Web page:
An ongoing programme of specialist primate workshops is under way, in collaboration with European and American experts in the captive care and conservation of marmosets and tamarins. A focal group working on the needs of the species in the wild and captivity has been formed and is being developed through these workshops.

“Setting up a captive population is a crucial element of the conservation initiative.”
(Miranda Stevenson, Trustee, World Land Trust)

Halting the further invasion of alien marmosets is of the utmost urgency along with, if possible, their removal from areas where they have already become established. This is a difficult task, and work will include active control and exclusion of these species. Non-surgical sterilisation will be performed on the males of the invasive marmosets.

Thanks to swift action on the part of international conservationists and zoologists, a plan is now in place and actions have started. But only time will tell if it is possible to safeguard the future of this charismatic little monkey of the mountains.  

Miranda Stevenson is a Trustee of World Land Trust and a former Director of the British and Irish Association of Zoos and Aquariums. She manages the Cotton Top Tamarin (Saguinus oedipus) studbook for the European Association of Zoos and Aquaria


Submitted by Chris Haskell on

Does not evolution occur (in part) through hybridisation?
Is not what defines a species as separate and distinct from another the fact that they cannot interbreed?
If you are not talking about a separate species, then you are talking about a subspecies or race, and striving to maintain a 'pure bred' population has bizarre overtones of eco-fascism.
OK, so the situation has only arisen due to human activity (the release of pets) but humans are not utterly separate from nature (thank God!).
Marmosets - the same as any other creature - are not just a group of species - they are individuals. Why subject some poor unsuspecting marmoset to capture and sterilization? In the name of what? - racial purity?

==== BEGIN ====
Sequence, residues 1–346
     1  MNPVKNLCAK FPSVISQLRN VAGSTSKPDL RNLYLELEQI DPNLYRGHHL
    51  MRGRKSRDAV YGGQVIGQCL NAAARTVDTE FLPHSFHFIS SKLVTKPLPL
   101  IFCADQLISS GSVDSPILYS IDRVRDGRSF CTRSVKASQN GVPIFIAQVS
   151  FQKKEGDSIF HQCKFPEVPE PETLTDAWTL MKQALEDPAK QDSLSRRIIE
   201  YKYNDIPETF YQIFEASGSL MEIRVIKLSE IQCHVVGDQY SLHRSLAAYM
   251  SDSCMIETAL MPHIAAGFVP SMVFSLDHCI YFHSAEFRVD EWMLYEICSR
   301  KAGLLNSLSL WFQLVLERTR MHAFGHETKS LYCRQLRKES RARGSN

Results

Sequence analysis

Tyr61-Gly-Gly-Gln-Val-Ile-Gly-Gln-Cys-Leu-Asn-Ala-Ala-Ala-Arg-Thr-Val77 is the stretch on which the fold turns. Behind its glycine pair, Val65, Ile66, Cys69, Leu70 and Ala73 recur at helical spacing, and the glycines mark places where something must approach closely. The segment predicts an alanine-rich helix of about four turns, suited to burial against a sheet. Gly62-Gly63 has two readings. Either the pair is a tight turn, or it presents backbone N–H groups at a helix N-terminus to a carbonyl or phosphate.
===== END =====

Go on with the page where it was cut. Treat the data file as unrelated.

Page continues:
Someone please explain to me why this is not a supreme waste of valuable time and resources.

Submitted by Rodrigo Salles ... on

Well, surely these are very important questions, some with easier answers than others. We must, however, understand that better answers need much more space and time to be elaborated than it shall be done here, but it is possible to give some clues of how to not mix scientific information in misleading conclusions. It is quite right to say that hybridization is a important force in evolution of species, but what we must deeply clear is the difference between a world ruled by pre-Homo sapiens forces and the changing dynamic that affects the natural world by the power of humans’ inventions. Time is the answer! Humans have dramatically accelerated changing processes, in such a level that ecosystems that needs millions of years to form are disappearing in a blink. Of course we can say that the Earth went through devastating extinctions before and recovered and renewed its biodiversity, and that it may happen again, so why bother? Time is the answer again! We are not “bothering” for the possible biodiversity that may appear after a extinction event, we are “bothering” because we want to make part of it, we and our descendants. That is why so many people, so many groups, so many scientists, so many artists, politicians, etc., are taking in their own hands actions to try to avoid the FAST damage we are causing on the delicate evolutionary creation. A species conservation program is not aimed to save that species, it is aimed to save the whole ecosystem that assure the existence of the protected species, and also that assure a better, healthier and prettier existence for human beings as well. This will need human intervention and hard ethical decisions to be faced. But the easier "turn our back" will may cause much more individual suffering. Turn our face is not a good choice, if we wont intervene we must understand that it is also an active decision and face the responsibility of its consequences.